Who is currently working on Curate Science?

Etienne LeBel is the founder and current lead of the initiative. Wolf Vanpaemel contributes in major ways conceptually and in terms of grant funding leveraging. Touko Kuusi is currently the main volunteer curator. Randy McCarthy, Brian Earp, and Malte Elson (and Vanpaemel) were substantial contributors to the unified framework white paper that guides the design and development of the platform (recently published at Advanced in Methods and Practices in Psychological Science (LeBel, McCarthy, Earp, Elson, & Vanpaemel, 2018). Finally, our 17-person advisory board, composed of trailblazers in the transparency and replication movement, provide regular feedback regarding grant proposal applications and Curate Science activities.

Who is funding Curate Science?

We're currently funded by a 2-year grant from the European Commission (Marie-Curie grant). We have submitted two other large grants currently under review (totalling > CAD$1,000,000 over 4-years) to fund additional software developers and PhD student curators/editors (one from the not-for-profit sector, the other from a Belgium public granting agency).


Is Curate Science a "central authority" that provide "official stamps of approval" of trustworthy research?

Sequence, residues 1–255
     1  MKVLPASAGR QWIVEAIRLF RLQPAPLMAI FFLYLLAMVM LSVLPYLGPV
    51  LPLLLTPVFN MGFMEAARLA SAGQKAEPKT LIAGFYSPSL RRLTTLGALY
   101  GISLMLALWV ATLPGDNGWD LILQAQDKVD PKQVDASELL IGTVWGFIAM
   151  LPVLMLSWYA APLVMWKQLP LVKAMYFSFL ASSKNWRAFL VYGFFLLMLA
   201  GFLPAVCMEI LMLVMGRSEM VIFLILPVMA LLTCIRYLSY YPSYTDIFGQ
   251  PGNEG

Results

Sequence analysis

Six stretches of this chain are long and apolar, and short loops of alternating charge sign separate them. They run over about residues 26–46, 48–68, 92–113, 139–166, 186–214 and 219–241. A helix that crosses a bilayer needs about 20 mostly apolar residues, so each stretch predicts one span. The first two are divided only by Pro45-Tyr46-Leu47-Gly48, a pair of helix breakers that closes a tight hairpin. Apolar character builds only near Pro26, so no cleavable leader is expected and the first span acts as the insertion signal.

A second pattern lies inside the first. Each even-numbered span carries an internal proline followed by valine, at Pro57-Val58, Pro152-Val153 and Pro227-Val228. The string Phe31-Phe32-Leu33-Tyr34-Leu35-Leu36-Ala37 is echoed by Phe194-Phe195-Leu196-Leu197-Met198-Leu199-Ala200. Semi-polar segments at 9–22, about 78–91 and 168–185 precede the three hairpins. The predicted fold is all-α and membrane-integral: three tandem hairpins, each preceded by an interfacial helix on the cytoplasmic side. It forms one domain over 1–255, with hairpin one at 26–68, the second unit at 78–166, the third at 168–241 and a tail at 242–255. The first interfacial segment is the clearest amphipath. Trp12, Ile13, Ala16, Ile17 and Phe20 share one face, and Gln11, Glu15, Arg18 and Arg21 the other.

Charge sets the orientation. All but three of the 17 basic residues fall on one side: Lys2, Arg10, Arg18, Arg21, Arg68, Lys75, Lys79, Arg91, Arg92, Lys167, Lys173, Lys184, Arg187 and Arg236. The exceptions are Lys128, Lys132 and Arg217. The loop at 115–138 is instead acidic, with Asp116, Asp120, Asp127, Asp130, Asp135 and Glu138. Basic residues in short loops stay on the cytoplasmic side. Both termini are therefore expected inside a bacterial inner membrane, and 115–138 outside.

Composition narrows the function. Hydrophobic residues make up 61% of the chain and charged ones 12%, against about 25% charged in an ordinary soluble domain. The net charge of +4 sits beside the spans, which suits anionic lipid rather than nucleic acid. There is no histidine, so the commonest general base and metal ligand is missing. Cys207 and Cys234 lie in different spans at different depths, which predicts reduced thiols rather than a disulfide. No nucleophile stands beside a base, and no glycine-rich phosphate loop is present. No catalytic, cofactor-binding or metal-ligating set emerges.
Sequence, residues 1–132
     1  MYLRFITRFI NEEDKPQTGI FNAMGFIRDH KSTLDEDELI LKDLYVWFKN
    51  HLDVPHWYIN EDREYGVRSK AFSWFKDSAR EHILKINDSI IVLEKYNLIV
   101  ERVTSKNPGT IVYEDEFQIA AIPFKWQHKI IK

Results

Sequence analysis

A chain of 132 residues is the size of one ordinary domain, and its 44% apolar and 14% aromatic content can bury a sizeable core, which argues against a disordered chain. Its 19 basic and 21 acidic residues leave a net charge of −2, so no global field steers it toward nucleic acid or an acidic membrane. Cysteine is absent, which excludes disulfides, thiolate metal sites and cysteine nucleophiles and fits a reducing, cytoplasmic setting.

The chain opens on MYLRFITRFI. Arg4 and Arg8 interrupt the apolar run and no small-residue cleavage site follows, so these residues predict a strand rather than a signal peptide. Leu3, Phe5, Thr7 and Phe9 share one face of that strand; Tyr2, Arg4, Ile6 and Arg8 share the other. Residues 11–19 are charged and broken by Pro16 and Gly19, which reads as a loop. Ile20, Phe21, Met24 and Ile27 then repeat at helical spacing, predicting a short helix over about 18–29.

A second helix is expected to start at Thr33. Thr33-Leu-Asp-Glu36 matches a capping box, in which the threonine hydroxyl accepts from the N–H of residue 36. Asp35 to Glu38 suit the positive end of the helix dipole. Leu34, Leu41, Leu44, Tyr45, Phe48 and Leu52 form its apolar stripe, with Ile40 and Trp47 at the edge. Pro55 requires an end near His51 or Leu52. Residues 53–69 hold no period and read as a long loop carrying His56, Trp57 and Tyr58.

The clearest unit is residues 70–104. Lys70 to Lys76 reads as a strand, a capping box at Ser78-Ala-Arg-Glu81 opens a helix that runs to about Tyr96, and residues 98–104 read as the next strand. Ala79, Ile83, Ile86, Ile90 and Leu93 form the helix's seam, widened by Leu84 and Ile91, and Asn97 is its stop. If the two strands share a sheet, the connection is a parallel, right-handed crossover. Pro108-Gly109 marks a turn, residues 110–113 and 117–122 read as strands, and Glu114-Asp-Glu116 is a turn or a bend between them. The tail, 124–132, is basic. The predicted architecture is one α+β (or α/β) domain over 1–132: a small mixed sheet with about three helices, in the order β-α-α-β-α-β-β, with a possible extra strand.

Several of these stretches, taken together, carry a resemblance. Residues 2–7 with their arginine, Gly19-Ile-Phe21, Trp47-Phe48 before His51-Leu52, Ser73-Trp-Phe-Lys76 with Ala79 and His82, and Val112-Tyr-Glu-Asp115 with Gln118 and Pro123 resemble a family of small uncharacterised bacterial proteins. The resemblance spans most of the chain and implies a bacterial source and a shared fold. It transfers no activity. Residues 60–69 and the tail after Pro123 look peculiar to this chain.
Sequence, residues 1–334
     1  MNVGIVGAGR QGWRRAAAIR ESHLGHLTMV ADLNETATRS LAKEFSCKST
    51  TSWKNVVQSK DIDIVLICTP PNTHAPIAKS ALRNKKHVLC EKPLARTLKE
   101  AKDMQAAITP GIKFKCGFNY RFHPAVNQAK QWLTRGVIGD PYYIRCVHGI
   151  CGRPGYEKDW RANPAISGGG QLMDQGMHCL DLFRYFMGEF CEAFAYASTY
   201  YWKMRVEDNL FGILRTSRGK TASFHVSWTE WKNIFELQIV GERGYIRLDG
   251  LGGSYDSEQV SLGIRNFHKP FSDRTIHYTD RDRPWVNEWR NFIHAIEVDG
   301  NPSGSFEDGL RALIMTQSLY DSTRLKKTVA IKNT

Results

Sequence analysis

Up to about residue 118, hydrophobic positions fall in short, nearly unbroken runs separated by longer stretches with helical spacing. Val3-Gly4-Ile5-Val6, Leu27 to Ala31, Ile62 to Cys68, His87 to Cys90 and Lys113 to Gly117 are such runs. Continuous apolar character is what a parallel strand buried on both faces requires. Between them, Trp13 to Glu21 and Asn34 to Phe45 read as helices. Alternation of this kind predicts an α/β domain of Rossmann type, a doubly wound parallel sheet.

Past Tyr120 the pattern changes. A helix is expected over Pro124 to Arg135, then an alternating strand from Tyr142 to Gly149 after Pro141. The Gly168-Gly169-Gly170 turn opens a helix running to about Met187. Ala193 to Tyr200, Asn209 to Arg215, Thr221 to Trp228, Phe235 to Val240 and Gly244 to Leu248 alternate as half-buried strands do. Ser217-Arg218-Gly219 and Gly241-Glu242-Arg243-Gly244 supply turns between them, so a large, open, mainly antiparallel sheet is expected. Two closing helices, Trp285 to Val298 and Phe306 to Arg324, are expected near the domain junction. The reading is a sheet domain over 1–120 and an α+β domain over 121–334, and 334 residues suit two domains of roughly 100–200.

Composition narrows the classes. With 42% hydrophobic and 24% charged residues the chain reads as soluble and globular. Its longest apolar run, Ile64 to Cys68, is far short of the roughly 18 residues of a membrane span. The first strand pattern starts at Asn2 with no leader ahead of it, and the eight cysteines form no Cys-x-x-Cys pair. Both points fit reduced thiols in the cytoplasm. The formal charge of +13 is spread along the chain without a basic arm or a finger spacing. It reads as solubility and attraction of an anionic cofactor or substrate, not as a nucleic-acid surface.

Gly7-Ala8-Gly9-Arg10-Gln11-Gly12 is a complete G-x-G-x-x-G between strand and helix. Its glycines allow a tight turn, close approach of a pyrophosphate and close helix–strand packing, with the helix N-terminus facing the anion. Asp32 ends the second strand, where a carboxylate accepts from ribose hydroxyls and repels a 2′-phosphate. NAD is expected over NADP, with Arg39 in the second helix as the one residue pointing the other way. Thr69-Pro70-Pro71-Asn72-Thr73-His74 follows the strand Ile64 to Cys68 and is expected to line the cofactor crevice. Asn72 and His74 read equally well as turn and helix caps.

No. Our goal is to curate the transparency of empirical research as accurately and impartially as possible, rather than adjucating the quality of research directly. This then allows the community of researchers to more effectively scrutinize published findings in nuanced ways. And given the crowdsourced nature of the platform, we will be the opposite of a central authority: transparency and replications will be curated by the broadest/most inclusive group of researchers possible, thus maximizing theoretical and viewpoint diversity.

A lot is at stake when curating replication results. How will Curate Science ensure curation is done in ways that are fair to original authors?

We have specifically designed the platform and user interface to be as fair and generous as possible to original authors. For instance, original authors will be able to post responses to replication results, allowing them to comment on the quality/fidelity of the replication attempts and make new (falsifiable) predictions regarding more diagnostic conditions under which a target effect might be observable.